Linton thought that many cannabis companies will fail in the next few years because they weren't thinking like businesses. He added, "A company is just a corporation that has a stock you can buy, whereas a business makes decisions looking at the next decade or two."
Tilray CEO Brendan Kennedy underscored his long-term perspective for the global marijuana industry in a September 2018 interview with CNBC's Jim Cramer. He told Cramer that there will be "multiple hundred-billion-dollar companies" in the cannabis industry in the future.
Multiple paths to growth
It's hard to differentiate the three top marijuana stocks based on the long-term thinking of their executives. But what about the pursuit of multiple paths to growth?
Aurora Cannabis, Canopy Growth, and Tilray are targeting the same opportunities for the most part. All three are key players on the Canadian recreational marijuana market. All three are going after the global medical marijuana market, especially in Europe and Latin America. However, Aurora might be left behind its two rivals to some extent in one potentially lucrative arena -- the U.S. hemp market.
Canopy Growth is investing between $100 million and $150 million to develop a large-scale hemp production facility in New York state and expects to have hemp-based cannabidiol products on the market by the end of 2019. Tilray acquired Manitoba Harvest, the world's largest hemp food company with its products sold in over 16,000 stores in the U.S. and Canada. So far, though, Aurora hasn't made a big move into the U.S. hemp market.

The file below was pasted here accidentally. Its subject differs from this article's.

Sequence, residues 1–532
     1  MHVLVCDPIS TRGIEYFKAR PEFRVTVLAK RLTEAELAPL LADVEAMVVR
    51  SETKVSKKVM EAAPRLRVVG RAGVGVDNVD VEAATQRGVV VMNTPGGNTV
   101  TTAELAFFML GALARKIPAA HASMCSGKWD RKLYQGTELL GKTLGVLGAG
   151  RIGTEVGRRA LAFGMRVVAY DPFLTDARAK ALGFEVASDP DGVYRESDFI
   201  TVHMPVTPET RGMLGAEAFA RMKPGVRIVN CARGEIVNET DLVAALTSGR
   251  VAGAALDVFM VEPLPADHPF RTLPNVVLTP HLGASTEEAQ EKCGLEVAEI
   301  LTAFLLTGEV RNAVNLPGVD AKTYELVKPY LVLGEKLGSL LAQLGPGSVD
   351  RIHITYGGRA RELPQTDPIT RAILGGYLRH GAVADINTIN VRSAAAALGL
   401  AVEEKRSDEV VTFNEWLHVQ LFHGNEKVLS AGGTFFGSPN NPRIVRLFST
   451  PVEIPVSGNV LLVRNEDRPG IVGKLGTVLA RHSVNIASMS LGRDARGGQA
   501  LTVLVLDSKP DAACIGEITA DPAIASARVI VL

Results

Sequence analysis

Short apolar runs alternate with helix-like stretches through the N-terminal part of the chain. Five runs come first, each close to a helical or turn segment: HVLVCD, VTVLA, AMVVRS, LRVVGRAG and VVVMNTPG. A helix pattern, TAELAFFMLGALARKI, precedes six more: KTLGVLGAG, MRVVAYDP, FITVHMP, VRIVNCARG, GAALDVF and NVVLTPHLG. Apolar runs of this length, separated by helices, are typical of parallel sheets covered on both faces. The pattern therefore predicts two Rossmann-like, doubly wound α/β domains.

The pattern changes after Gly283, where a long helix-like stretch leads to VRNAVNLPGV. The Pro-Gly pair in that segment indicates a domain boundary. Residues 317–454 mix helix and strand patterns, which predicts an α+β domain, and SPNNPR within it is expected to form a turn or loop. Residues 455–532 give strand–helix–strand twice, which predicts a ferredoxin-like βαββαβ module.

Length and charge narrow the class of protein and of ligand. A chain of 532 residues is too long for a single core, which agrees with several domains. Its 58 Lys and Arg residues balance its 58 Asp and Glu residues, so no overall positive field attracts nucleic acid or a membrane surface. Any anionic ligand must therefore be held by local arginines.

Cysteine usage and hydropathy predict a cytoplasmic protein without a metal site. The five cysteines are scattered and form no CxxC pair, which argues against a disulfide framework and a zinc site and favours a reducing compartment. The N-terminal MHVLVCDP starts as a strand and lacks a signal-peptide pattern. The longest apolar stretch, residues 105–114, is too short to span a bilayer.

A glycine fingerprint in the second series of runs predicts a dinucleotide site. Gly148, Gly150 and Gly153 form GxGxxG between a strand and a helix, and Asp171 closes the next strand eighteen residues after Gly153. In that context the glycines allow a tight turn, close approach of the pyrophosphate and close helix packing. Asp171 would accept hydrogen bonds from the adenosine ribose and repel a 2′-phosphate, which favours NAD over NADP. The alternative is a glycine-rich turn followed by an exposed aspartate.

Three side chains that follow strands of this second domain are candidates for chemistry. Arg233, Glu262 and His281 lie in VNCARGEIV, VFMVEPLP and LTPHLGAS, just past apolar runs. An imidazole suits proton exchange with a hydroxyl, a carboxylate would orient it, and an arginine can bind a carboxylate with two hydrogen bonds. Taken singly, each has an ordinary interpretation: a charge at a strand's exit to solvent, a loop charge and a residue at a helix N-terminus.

Canopy's Bruce Linton arguably has the grandest thoughts about pursuing multiple paths to growth. He stated in December that he thinks that his company can disrupt four multibillion-dollar industries: beverages, opioids, sleep-aid drugs, and veterinary products. Canopy Growth is actively developing products targeting all four markets.
The Amazon of pot?
It's not too hard to have a long-term perspective. It's also not difficult to be able to identify multiple paths to growth. The challenge comes in making good long-term decisions and pursuing multiple opportunities when you have limited financial resources.
I think Canopy Growth is most likely to achieve long-term success in the midst of lots of failed rivals -- like Amazon did -- because it has greater financial resources than its peers. Canopy's $4 billion investment from alcoholic beverage maker Constellation Brands was the biggest cash infusion in the marijuana industry's history. As a result, Canopy can expand in ways that other marijuana growers can only dream about.
While there are some similarities between the dot-com boom and the current marijuana boom, there are some key differences, too. Success in the marijuana industry depends in large part on production capacity, distribution networks, and the capability to build consumer brands.
Canopy Growth's only close competitor on capacity is Aurora. The company has the best distribution network in Canada and arguably the best overall globally. And with Constellation, Canopy has a partner with a proven track record in establishing successful consumer brands.
I suspect there will likely be plenty of marijuana companies that go the way of Webvan. But I don't think Canopy Growth will be one of them.
Maybe Canopy won't really become the Amazon of pot. The two companies' business models are very different, after all. However, if I had to put money on which marijuana stock is most likely to emulate Amazon, my bet would be on Canopy Growth.